Surveillance in Ethiopia Is Bad Now, But Human Rights Watch Report Warns It Could Get Worse
BY Jessica McKenzie | Tuesday, April 1 2014
Last week Human Rights Watch published a 100+ page report on government surveillance in Ethiopia that explains how the authorities use technology from countries like China, Germany and Italy to spy on opposition members, dissidents and journalists, even after they flee the country.
Ethiopia's Information Minister, Redwan Hussein, dismissed the report. “There is nothing new to respond to,” Hussein said, according to the AFP.
Felix Horne, who co-authored the HRW report with Cynthia Wong, told techPresident that is simply not true.
“[Ethiopian authorities] often castigate HRW for their coverage on Ethiopia,” Horne said.
“There's always been a perception [in Ethiopia] that phone calls and email are monitored,” Horne explained, but they did not have the evidence until recently, or a good idea of how it was used.
The government, Horne said, "has completely unfettered access to the metadata of all phone calls, and can record calls at the click of a mouse.”
The report details how the information gleaned from phone calls—both metadata and content—is being used against people for offenses as small as talking politics with your brother.
Not all of this technology is new and cutting-edge. In 2011, reporter Jennifer Valentino-Devries looked into the “off the shelf” surveillance market for the Wall Street Journal. By 2012, the Journal had pulled together a “catalog” of the kind of technologies available to governments around the world. They also posted attendance sheets from surveillance industry trade conferences.
(In 2011, Jerry Lucas, whose company runs a surveillance trade show, told the Journal "We don't really get into asking, 'Is this in the public interest?'")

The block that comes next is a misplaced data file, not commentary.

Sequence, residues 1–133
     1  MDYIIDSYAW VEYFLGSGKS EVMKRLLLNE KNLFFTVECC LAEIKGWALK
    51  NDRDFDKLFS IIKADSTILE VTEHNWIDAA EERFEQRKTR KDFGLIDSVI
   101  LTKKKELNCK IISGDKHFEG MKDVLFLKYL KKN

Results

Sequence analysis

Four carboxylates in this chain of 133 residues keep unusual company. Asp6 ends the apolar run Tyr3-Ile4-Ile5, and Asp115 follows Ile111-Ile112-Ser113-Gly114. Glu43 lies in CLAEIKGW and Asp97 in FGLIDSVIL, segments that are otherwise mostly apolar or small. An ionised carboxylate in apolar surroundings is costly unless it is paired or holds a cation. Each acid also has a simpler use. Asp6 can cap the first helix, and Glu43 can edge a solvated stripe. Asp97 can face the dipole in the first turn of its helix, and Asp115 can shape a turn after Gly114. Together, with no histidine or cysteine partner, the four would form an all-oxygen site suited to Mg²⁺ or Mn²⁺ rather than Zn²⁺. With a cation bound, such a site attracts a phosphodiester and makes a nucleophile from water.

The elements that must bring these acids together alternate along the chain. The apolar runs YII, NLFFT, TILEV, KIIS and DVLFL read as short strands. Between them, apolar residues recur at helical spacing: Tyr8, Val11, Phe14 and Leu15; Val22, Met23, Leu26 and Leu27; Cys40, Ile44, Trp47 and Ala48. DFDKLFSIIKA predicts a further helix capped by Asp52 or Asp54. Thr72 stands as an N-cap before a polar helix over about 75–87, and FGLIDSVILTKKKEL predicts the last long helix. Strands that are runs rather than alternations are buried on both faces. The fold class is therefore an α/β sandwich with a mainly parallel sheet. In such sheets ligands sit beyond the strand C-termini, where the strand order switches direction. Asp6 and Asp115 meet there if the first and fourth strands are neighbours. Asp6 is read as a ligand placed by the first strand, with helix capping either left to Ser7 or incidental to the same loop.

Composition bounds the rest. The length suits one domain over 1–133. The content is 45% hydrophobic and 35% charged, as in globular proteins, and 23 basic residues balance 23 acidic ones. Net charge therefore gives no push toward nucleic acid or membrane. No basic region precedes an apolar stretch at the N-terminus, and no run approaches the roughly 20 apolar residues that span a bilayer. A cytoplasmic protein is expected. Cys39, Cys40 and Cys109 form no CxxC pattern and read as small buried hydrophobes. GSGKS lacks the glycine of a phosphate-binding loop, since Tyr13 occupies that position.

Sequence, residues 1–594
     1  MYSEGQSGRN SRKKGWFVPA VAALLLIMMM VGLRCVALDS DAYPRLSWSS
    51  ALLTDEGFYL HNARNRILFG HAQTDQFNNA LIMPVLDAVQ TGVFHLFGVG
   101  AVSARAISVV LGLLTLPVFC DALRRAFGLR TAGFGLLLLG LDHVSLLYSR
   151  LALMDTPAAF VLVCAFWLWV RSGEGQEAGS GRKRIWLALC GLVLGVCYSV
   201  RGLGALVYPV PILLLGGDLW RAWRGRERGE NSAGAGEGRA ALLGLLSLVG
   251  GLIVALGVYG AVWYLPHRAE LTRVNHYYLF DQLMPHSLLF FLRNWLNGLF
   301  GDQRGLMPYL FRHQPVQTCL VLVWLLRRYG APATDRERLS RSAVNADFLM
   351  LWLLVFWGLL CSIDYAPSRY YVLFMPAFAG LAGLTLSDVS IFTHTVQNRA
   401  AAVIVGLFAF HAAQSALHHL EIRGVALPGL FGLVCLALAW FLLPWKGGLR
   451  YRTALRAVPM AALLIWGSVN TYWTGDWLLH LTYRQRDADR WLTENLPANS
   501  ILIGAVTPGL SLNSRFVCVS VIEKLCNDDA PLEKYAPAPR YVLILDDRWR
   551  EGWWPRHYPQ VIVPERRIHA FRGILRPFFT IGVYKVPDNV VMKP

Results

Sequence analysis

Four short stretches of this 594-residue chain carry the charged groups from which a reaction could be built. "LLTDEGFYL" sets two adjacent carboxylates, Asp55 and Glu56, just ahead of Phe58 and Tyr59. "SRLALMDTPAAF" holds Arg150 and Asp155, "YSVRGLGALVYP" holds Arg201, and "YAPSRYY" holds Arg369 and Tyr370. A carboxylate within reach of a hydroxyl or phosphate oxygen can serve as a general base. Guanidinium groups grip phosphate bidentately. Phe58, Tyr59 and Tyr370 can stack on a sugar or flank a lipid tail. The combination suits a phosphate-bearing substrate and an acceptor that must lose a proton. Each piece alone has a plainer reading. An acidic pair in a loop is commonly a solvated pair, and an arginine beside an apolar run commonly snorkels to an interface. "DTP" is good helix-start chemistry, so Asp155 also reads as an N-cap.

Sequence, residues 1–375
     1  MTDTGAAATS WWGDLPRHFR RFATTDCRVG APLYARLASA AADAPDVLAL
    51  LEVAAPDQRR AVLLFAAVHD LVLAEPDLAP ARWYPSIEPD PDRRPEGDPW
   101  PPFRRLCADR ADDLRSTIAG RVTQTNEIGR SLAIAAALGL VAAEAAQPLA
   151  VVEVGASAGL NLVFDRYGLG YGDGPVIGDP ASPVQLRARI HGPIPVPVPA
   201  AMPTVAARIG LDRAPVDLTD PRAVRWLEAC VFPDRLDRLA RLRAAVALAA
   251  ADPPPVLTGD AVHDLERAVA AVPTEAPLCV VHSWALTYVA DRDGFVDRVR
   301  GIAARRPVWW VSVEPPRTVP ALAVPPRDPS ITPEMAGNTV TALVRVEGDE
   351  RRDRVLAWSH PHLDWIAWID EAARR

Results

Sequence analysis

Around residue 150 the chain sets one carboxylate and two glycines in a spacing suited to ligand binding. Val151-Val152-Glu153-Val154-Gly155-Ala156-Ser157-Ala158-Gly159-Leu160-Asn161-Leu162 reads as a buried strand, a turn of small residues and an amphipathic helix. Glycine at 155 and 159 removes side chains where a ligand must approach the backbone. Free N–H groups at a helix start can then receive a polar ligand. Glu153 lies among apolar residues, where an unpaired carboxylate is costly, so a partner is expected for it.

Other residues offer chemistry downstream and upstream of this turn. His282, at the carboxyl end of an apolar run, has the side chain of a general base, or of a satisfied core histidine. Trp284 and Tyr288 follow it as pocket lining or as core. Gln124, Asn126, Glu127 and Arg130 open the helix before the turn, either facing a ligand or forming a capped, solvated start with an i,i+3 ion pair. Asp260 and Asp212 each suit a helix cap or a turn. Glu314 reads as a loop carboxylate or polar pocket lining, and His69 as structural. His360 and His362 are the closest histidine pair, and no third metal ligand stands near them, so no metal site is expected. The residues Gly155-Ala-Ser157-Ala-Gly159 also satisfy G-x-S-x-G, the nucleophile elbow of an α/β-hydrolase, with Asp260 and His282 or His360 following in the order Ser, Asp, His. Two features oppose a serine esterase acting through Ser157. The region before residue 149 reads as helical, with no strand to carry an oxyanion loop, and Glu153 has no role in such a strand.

Between 2007 and 2009, the Ethiopian Ministry of Defense, Information Network Security Agency, Ministry of the Interior, and the Federal Ethics and Anti-corruption Commission attended four industry conferences, where they could attend training sessions on “exploiting computer and mobile vulnerabilities for electronic surveillance” and meet with representatives of companies like FinFisher, which was boasting about being able to monitor Skype calls as early as 2011.
University of Toronto's Citizen Lab, which collaborated with HRW on research for the Ethiopia report, has found servers for FinSpy, one of FinFishers surveillance products, in 25 countries, including Ethiopia.
The most advanced tool the Ethiopian government has probably acquired since 2012 is ZTE's ZSMT monitoring system, which can centralize surveillance across multiple platforms: phone lines, mobile networks and the Internet. I write "probably" because ZTE, a Chinese telecom giant, would not confirm the purchase to HRW.
"The technical capacity of surveillance is very high,” Horne said, “but what they're doing with it is somewhat limited by a lack of human capacity—how to effectively use the tools—and a lack of trust between key government departments. But the net effect is the same. When people have a perception that they are being watched, they self-censor.”
Horne added that sometimes he calls someone in the country and they use “so many code words that 10 minutes in you don't understand what you're talking about.”
Many of the surveillance tactics described in the report sound downright thuggish, like forcing people to give up their phone and email or social media passwords upon arrest. A police officer explained to Horne and Wong that they simply do not need to use technology because they have a sprawling network of informants. “We know everything,” the officer said. “Nothing happens without someone knowing.”
But, hypothetically, if they didn't know where someone was? The officer explains it is as simple as calling the federal police and having them get in touch with Ethio Telecom, the sole telecom company in Ethiopia, and they will provide the person's location.
This is not really a story about cutting-edge cyber tools run amok—not yet at least. Internet penetration in Ethiopia is still less than two percent.
This is mostly a story about a country with a state-owned telecom monopoly, a robust network of informants, even in largely disconnected rural areas, a lack of privacy protections for its citizens, and a history of human rights abuses.
However, the report warns that that could be just the beginning: “Ethiopians may increasingly experience far more prevalent unlawful use of phone and email surveillance should the government’s human capacity increase.”
“One of our big asks,” said Horne, “is that these kinds of technologies be included in lists of things that might require an export license.”
That and, to paraphrase nearly two pages of recommendations for the government of Ethiopia, “Will you pretty please start respecting the rights of your citizens?”
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